# Examples of misconceptions

## What is the greatest misconception about you answer?

**How to answer the “What misconceptions do others have about you?” interview question**

- Think about your positive and negative traits as a professional. …
- Choose a misconception that can you can reframe. …
- Align your traits with the needs of the employer interviewing you. …
- Be authentic, yet professional.

## How do you identify student misconceptions?

The most direct way to identify student’s misconceptions is to

**create scenarios that allow students to share their prior knowledge**. This can be done in many ways including: Having class discussions about the topic prior to instruction. Use a chalk talk to look at everyone’s understandings at once.## What are errors and misconceptions?

**Mistakes are made by a few, misconceptions are made by many and, repeatedly**. Students can figure out their mistakes by themselves because mistakes are usually due to carelessness. They cannot do the same for misconceptions. Misconceptions are committed because students think they are correct.

## What causes misconception?

In the natural sciences, misconceptions commonly result from

**personal experience and interactions with the physical world**. In the social sciences, they are more likely derived from social sources, such as social interactions or media misinterpretation.## Why is it important to address student misconceptions?

Addressing misconceptions is important in the science classroom because

**reading and observing scientific principles will not address nor change the frameworks about science that students bring to the classroom**.## What is a conceptual misconception?

Conceptual misunderstandings are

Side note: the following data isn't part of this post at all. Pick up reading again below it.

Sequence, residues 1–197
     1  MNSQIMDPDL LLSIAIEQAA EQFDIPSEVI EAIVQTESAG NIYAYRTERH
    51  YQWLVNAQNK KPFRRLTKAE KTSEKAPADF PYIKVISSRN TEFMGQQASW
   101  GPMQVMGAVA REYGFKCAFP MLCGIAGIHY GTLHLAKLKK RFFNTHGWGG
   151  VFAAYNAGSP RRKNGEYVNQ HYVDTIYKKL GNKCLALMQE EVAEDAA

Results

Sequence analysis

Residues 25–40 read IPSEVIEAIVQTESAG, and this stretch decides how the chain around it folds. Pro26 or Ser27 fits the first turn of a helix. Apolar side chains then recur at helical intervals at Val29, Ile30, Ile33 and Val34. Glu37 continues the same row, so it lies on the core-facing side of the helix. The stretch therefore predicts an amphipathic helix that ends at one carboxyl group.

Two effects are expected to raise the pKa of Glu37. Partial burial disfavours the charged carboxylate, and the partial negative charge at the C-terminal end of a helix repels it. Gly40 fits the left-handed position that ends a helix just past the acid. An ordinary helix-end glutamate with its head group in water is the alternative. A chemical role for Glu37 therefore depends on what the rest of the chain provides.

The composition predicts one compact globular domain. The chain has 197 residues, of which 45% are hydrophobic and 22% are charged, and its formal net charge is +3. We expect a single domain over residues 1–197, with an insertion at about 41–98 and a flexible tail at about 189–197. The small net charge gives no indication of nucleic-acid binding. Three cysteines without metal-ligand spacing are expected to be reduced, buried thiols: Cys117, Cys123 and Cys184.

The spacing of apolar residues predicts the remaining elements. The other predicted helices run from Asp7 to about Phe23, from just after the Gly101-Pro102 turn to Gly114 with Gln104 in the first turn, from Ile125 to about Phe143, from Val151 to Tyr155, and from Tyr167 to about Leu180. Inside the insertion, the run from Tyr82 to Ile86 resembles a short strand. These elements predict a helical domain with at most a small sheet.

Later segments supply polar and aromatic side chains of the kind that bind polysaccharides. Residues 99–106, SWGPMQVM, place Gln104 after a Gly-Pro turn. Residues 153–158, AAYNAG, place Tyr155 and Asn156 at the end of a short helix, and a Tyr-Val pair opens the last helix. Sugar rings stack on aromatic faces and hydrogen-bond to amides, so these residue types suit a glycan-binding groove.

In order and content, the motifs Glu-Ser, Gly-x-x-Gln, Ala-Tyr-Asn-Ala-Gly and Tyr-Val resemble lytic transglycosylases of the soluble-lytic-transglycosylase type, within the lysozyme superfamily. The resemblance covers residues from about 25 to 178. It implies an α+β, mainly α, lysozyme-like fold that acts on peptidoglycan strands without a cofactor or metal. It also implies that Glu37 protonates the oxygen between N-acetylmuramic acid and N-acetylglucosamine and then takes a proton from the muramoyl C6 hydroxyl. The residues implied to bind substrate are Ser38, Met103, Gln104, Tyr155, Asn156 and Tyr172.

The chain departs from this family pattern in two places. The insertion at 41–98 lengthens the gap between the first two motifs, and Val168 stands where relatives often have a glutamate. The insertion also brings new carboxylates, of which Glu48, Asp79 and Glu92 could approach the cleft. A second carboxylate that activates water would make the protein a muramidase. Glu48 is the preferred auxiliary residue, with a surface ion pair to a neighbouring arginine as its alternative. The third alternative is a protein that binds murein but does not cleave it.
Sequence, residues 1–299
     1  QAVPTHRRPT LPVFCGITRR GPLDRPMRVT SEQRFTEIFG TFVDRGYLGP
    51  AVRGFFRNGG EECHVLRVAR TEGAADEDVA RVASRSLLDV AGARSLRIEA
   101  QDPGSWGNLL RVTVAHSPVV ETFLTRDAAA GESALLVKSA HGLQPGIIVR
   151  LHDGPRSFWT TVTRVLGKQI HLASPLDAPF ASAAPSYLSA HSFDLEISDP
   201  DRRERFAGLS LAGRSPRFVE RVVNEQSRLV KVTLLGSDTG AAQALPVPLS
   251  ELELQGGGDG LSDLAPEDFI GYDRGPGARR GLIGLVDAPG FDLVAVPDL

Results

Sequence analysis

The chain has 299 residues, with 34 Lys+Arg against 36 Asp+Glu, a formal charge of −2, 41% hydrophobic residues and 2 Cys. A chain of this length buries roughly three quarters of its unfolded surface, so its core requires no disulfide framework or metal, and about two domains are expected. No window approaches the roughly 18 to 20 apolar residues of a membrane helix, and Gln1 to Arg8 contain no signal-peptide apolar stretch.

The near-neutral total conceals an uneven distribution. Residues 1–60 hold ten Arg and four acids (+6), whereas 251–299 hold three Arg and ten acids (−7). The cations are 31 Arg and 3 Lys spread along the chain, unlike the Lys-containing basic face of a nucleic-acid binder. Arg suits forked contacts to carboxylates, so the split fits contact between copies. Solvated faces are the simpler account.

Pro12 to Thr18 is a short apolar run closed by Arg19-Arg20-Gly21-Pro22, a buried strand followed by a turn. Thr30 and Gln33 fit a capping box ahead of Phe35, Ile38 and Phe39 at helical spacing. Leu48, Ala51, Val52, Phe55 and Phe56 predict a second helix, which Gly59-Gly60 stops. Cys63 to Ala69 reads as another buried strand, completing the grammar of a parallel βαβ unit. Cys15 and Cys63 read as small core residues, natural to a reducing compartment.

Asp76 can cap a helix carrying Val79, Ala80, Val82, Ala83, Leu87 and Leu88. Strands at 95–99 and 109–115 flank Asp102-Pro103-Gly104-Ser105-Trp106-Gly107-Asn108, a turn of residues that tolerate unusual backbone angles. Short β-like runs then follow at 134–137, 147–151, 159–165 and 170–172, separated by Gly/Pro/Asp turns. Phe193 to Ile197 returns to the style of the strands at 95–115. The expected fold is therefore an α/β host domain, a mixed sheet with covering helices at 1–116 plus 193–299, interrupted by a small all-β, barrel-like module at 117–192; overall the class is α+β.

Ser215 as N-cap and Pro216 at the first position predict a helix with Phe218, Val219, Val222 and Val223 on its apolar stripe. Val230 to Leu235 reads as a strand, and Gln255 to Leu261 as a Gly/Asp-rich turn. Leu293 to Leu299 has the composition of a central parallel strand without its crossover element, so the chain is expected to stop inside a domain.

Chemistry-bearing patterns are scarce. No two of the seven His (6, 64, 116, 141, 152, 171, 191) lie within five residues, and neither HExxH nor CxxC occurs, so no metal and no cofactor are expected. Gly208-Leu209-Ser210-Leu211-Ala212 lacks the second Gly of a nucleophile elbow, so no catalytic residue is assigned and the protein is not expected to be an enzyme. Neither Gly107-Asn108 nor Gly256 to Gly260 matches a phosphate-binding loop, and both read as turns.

**ideas about what one thinks they understand based on their personal experiences or what they may have heard**. One does not fully grasp the concept and understand it.## Why is it important to plan for misconceptions?

Addressing misconceptions in your lesson plans

**makes your teaching much better, but also much easier**. Your students will have a better understanding of what you are teaching, leaving their preconceptions behind when they are incorrect.## Why is it important to plan for misconceptions?

Addressing misconceptions in your lesson plans

**makes your teaching much better, but also much easier**. Your students will have a better understanding of what you are teaching, leaving their preconceptions behind when they are incorrect.## How do you address misconceptions in maths?

Facilitate a discussion about the mistake, focusing on having the pupil explain their thinking e.g. by asking questions such as â€śHow did you come up with that answer?â€ť and â€śWhy do you think it’s correct?â€ť This clears up whether the error was a simple case of ‘slip of the mind’, or a misconception.

## What is the difference between prior knowledge and misconceptions?

Prior knowledge is what students already know from academic, personal and cultural experience; they can connect it to new concepts. Gaps and misconceptions are not uncommon but they are detrimental if not re-taught.

## How does prior knowledge affect whether pupils develop misconceptions?